1. a machine, sometimes now electrical, for grinding coffee, pepper etc by crushing it between rough, hard surfaces. a coffee-mill; a pepper-mill.
2. a building where grain is ground. The farmer took his corn to the mill.
3. a building where certain types of things are manufactured. A woollen-mill; a steel-mill.
verb
1. to grind or press. This flour was milled locally.
2. (usually with about or around) (of crowds) to move about in a disorganized way. There's a huge crowd of people milling around outside.
ˈmiller noun
a person who works a grain mill.
ˈmillstone noun
1. one of the two large, heavy stones used in an old-fashioned mill for grinding grain.
2. (usually with round one's/the neck) something that is a heavy burden or responsibility, and prevents easy progress. He regarded his brother as a millstone round his neck.
ˈmillwheel noun
a wheel that provides power to a mill as it turns.
References in classic literature ?
A soldier -- New England's most distinguished soldier -- he stood firmly on the pedestal of his gallant services; and, himself secure in the wise liberality of the successive administrations through which he had held office, he had been the safety of his subordinates in many an hour of danger and heart-quake General Miller was radically conservative; a man over whose kindly nature habit had no slight influence; attaching himself strongly to familiar faces, and with difficulty moved to change, even when change might have brought unquestionable improvement.
Ahab will dam off your blood, as a miller shuts his water-gate upon the stream
By the time Ben was fagged out, Tom had traded the next chance to Billy Fisher for a kite, in good repair; and when he played out, Johnny Miller bought in for a dead rat and a string to swing it with -- and so on, and so on, hour after hour.
And hungry too, no doubt: let her have some supper before she goes to bed, Miss Miller.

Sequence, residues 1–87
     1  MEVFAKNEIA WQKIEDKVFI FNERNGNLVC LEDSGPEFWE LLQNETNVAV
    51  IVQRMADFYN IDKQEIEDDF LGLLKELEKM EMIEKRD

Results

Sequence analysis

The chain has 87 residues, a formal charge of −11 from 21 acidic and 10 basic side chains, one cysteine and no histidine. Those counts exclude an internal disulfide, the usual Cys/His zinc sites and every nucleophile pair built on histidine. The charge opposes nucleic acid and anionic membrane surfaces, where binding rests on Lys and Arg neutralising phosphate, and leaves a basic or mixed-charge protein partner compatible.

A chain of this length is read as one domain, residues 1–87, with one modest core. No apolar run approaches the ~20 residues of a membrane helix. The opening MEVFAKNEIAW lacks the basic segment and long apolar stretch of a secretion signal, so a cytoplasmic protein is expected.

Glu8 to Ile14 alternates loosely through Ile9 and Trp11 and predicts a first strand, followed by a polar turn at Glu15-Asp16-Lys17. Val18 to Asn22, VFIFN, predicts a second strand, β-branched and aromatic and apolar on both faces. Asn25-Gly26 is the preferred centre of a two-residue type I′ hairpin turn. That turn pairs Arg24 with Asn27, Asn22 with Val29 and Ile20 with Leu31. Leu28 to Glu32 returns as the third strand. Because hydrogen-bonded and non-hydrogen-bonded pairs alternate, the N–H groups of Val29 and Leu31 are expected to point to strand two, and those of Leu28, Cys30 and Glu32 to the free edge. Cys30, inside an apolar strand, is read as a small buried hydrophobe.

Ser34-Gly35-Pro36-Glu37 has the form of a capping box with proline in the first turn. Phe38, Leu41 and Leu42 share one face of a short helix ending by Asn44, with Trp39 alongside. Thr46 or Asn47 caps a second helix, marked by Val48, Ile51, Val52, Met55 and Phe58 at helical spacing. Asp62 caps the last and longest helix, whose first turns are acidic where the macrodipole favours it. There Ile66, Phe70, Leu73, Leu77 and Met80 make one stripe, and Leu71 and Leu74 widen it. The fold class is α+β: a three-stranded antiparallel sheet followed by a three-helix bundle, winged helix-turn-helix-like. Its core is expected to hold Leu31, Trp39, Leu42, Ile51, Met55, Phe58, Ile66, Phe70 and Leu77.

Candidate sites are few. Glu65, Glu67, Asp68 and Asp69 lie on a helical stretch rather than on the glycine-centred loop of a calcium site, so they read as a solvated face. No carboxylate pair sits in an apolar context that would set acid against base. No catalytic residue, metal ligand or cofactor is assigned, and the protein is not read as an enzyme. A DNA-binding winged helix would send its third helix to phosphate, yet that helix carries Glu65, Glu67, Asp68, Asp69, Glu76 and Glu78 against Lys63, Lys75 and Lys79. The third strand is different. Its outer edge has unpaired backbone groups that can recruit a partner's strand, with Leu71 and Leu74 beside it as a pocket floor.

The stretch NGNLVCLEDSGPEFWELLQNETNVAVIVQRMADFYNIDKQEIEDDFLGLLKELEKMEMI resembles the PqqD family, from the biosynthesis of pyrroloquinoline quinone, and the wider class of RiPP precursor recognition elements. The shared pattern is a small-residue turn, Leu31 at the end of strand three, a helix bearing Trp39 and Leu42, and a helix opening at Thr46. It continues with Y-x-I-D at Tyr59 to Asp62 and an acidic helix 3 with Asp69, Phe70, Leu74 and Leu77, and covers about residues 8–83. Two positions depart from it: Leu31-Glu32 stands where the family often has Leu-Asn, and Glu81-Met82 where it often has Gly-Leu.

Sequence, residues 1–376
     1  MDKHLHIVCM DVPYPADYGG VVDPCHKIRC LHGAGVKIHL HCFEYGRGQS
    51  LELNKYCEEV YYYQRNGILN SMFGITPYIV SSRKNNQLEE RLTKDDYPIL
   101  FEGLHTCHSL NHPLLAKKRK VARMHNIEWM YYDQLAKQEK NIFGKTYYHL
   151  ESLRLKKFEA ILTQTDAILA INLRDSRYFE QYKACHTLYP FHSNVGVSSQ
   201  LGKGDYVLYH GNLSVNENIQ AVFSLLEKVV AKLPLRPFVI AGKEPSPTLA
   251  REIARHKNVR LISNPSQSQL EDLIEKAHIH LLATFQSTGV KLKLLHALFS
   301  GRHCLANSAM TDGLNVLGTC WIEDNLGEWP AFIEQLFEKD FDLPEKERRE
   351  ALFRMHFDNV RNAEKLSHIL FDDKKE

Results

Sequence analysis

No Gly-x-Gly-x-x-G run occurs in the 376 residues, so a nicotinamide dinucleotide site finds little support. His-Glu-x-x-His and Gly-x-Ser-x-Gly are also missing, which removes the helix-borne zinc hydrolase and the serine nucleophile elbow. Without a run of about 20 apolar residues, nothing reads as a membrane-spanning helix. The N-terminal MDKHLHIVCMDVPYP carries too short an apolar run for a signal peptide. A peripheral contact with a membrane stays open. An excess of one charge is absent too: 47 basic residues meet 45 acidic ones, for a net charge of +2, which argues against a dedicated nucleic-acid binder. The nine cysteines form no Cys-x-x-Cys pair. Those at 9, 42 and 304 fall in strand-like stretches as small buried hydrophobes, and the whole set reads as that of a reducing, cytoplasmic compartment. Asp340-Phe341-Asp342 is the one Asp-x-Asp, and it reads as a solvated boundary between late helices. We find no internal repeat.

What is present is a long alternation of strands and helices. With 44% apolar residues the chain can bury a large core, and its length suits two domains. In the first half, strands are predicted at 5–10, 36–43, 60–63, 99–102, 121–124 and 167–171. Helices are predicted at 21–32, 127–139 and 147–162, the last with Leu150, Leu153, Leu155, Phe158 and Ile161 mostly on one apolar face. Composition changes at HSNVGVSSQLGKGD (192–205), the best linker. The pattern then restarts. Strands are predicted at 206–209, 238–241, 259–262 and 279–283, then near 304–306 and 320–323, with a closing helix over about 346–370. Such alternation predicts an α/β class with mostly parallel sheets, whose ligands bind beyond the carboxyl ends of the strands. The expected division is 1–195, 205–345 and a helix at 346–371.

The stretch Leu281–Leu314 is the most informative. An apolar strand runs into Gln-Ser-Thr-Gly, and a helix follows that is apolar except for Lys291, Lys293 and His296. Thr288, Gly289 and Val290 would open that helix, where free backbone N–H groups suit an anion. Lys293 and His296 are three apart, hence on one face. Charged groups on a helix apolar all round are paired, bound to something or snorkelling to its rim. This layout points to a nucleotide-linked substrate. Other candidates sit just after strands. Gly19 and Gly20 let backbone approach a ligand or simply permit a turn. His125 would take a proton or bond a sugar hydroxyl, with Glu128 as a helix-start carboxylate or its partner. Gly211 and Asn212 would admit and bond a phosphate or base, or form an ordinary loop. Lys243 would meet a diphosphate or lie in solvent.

I might just as well talk of loving the miller who comes once a year to buy our corn.
I'll go to-day, instead; and take my chance of catching the miller at his dinner-time.
Joe Miller never made such a joke as sending it to Bob's will be.
said to have turned on such an incident; and we have besides, the King and the Tanner of Tamworth, the King and the Miller of Mansfield, and others on the same topic.
Miller was an unsympathetic woman, who made no friends among the girls, and satisfied her affectionate impulses by petting a large cat named Gracchus, but generally called Bacchus by an endearing modification of the harsh initial consonant.
He asked her name, and she said it was La Molinera, and that she was the daughter of a respectable miller of Antequera; and of her likewise Don Quixote requested that she would adopt the "Don" and call herself Dona Molinera, making offers to her further services and favours.
And they went on in silence through Kirton hamlet, where an old man followed them with his eyes, and perhaps envied them their youth and love; and across the Ivy beck where the mill was splashing and grumbling low thunder to itself in the chequered shadow of the dell, and the miller before the door was beating flour from his hands as he whistled a modulation; and up by the high spinney, whence they saw the mountains upon either hand; and down the hill again to the back courts and offices of Naseby House.
Lucy and I had both a fight for it with the dusty miller.